You may also be able to find reviews on other sites, too. If a fintech company integrates with other companies, the partner company may publish reviews that can help you in your research. To use my company as an example again, Fundbox integrates with QuickBooks accounting software by Intuit, there are a lot of reviews for Fundbox on Quickbooks’ website.

When researching lenders, do a quick search for the ones you’re interested in online. If they’re worthy of your business, you should find a fair amount of reviews over time. For the most accurate assessments, look for sites that have been around longer and have collected many reviews for multiple companies.

4. News coverage

If you’ve never heard of a lender before, search the web. Look to see whether they’ve received any press coverage recently—positive or negative.

Assuming they’re in the news, you’ll either uncover some red flags or you’ll discover some good information about the firm of your choice.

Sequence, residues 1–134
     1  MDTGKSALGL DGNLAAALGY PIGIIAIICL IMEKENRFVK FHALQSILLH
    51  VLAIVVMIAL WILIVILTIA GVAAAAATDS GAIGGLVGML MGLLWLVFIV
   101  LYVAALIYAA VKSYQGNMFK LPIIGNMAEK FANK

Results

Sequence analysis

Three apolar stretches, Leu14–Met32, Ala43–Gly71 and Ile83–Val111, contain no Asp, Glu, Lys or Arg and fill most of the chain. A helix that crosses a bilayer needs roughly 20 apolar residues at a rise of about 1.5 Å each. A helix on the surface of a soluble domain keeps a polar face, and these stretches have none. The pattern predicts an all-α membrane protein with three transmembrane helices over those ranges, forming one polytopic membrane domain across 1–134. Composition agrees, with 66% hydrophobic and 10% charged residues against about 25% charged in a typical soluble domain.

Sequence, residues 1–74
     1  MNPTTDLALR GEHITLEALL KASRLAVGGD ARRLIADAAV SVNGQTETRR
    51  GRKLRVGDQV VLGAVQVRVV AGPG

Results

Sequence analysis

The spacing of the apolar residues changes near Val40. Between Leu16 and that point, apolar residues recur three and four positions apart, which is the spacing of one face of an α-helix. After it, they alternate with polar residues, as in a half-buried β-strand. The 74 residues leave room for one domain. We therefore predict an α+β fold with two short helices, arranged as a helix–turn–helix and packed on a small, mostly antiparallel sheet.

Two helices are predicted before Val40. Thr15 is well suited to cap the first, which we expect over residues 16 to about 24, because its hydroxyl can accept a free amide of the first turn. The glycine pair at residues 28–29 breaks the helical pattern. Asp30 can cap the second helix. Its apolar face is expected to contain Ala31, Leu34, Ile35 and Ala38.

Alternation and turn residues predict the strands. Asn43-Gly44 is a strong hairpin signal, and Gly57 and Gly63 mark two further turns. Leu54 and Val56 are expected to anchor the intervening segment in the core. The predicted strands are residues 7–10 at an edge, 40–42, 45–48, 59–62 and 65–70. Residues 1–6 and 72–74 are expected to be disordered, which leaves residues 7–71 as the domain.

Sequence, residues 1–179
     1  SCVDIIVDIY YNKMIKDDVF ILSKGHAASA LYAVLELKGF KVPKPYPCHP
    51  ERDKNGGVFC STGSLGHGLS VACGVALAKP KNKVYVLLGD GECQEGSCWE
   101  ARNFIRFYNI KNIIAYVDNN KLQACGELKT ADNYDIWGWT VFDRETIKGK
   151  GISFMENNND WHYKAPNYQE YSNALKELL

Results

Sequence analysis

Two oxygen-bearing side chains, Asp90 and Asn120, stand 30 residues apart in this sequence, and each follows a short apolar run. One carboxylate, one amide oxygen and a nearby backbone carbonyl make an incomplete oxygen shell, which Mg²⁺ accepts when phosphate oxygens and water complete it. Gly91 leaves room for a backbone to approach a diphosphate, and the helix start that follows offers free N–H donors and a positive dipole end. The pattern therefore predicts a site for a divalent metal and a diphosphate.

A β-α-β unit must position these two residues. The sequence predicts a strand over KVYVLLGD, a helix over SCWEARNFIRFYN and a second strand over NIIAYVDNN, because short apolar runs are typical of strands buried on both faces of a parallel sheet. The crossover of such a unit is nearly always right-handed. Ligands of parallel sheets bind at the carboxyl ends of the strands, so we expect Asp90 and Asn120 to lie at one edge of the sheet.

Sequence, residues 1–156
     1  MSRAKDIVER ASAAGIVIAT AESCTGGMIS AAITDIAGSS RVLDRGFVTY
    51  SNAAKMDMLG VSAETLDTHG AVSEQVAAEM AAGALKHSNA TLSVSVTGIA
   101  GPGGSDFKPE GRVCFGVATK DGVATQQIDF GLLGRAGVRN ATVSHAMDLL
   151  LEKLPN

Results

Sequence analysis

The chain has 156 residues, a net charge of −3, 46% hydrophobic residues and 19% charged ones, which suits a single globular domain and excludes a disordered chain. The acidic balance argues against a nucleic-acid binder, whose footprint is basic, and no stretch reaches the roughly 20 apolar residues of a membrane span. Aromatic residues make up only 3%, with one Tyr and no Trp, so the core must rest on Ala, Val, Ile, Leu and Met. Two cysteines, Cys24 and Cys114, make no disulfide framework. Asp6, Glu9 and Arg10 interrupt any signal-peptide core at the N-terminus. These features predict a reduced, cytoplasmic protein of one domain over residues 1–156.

If they’ve never been in the news, that might just mean they are brand new. Depending on your comfort level with everything else you learn about them, you may want to consider other companies that have been around a bit longer.

5. Transparency

Transparency is a high priority for businesses today. It’s easy for anyone to claim that their business is transparent. However, it’s much tougher for a business to truly practice transparency.

When searching for a small business lender, consider whether they make a commitment to transparency—and how they put that into practice.